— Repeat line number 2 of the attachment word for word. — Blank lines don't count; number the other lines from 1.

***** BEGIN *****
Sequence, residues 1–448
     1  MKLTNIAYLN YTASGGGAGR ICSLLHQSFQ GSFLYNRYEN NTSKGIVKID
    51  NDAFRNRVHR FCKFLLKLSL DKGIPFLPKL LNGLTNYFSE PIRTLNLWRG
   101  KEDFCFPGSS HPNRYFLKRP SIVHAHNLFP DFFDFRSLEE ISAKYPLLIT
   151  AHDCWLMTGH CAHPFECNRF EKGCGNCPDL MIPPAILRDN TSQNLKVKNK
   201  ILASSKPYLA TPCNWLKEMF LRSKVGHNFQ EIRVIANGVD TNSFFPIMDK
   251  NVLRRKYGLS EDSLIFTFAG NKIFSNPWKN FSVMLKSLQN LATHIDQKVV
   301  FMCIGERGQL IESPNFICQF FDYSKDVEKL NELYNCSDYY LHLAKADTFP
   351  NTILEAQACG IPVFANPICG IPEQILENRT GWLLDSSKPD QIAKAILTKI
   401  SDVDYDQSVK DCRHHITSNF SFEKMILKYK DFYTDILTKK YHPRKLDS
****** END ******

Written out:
     1  MKLTNIAYLN YTASGGGAGR ICSLLHQSFQ GSFLYNRYEN NTSKGIVKID